- Sermons – It is my understanding that for the sermon volumes, the JSP editorial practice is to select a single account of a sermon and then note differences with other accounts in the notes. This assures that the JSP sermons will never be the definitive source for scholars when they want to engage Joseph’s sermons. They will always need to go to something like Ehat and Cook’s Words. Perhaps this is why Ehat is boning up their volume for a third expanded edition, which is rumored to come out this year. But what is the point in the JSP going through all the effort if it isn’t going to be definitive? A lost opportunity. It would also be nice not to have to rely on Woodford’s unwieldy dissertation for revelations.
- JST – It is my understanding that the JSP will only be including a small part of Joseph Smith’s Biblical expansions. I imagine that this is because of the recently published Scott H. Faulring, Kent P. Jackson and Robert J. Mathews, Joseph Smith’s New Translation of the Bible: Original Manuscripts (Provo, UT: Religious Studies Center, Brigham Young University, 2004). While this expensive volume is a wonderful resource, I have heard rumblings that it has some mistakes in it. What’s more, I guarantee that if it were published by Signature, the JSP would be doing it. Lame.
- Annotation – I understand that the preferred mode of annotation in the volumes is to cite only primary sources and then cite the holograph record. This makes sense from the vantage that these volumes will be used as sources for perhaps centuries. It is however, highly annoying for researchers.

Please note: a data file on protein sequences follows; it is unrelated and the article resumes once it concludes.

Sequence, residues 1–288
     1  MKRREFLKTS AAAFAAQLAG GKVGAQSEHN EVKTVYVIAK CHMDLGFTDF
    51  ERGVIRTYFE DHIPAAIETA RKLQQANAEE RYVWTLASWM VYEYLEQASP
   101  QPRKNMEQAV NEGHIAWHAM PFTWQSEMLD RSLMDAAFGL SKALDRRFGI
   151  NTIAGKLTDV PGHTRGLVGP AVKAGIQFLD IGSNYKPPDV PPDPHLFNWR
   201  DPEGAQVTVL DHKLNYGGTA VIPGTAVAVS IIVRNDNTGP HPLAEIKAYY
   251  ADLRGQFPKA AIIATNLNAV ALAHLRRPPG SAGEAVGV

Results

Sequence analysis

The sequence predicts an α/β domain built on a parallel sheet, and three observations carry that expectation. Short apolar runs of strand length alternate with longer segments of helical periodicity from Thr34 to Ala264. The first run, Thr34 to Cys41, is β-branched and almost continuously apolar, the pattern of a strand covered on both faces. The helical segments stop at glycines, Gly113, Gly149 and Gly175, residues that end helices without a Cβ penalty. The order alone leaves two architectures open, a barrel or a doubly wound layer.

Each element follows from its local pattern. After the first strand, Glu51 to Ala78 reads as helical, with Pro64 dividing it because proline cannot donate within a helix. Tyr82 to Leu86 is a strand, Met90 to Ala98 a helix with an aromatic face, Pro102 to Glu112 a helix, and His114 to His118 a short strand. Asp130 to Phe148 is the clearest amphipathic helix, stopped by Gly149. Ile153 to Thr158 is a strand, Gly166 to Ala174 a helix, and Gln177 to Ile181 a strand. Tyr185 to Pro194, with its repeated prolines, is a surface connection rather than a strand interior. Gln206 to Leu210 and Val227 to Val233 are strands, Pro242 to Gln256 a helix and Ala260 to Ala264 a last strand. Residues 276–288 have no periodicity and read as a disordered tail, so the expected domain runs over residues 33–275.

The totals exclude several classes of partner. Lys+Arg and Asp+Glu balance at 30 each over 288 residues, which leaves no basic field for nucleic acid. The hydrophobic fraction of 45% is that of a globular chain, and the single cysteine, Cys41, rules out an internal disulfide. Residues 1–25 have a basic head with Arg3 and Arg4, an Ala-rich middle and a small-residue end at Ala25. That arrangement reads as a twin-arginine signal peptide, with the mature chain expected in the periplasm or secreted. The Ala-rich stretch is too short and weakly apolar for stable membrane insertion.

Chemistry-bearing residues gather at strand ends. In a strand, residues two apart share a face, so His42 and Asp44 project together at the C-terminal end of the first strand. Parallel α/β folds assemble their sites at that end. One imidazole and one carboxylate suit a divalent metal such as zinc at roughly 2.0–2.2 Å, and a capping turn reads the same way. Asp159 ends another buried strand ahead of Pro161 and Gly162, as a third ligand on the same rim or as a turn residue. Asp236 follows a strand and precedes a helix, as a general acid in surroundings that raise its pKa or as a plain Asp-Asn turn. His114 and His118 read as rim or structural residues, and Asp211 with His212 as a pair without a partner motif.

[Potentially] Devastating Criticisms (in my opinion)
- Council of Fifty Minutes – the Council of Fifty Minutes are known to reside in the First Presidency Vault (for info on the Concil of Fifty, see here). Everyone knows they are there and it is rumored that they may be included. When the JSP folks tell people that they are publishing everything, the typical first response is, “even the Council of Fifty minutes?” If they are not included, the JSP will be a nice set of primary sources, but critics will always have reason to believe that the Church is hiding something. And if the C50 minutes were not published, what else do we not know about that was kept hidden?
- Book of the Law of the Lord – like the C50 minutes, the BLL is chilling out in the FP Vault. The JSP folks will publish the journal entries. I can understand keeping out the donation records, but the revelations? See above.
- Scott Faulring, An American Prophet’s Record: The Diaries and Journals of Joseph Smith (Salt Lake City: Signature Books in association with the Smith Research Association, 1987). This printing was a collectors printing limited to 500 copies. In 1989, Signature released a second, paperback edition which is currently still in print.
- The best information on the BLL is Alex Smith’s 2006 Mormon History Association Conference presentation, “Joseph Smith’s Nauvoo Journals: Understanding the Documents,” available from the Sunstone website, MH06116.
- Andrew Ehat and Lyndon Cook, Words of Joseph Smith: The Contemporary Accounts of the Nauvoo Discourses of the Prophet Joseph (Provo, UH: Religious Studies Center, Brigham Young University, 1980). This volume was reprinted by Grandin Book Company (Orem Ut, 1991) and the text was revised for a second edition, first computer edition in 1996. This digital version is available through various Mormon digital collections, including, Gospelink and LDS Library.
- Dean C. Jessee, ed., The Papers of Joseph Smith, 2 vols. (Salt Lake City: Deseret Book Company, 1989-1992).
- Sharalyn Howcroft, Jeffrey G. Cannon and Robin Scott, “The Joseph Smith Papers: Dealing with Joseph Smith Documents: ‘Document Collection and Organization in an Electronic Control File,’ ‘Utilizing Technology,’ and ‘Document Selection and Transcription Methods,'” 2007 Mormon History Association Conference presentation. Available from the Sunstone website, MH07212.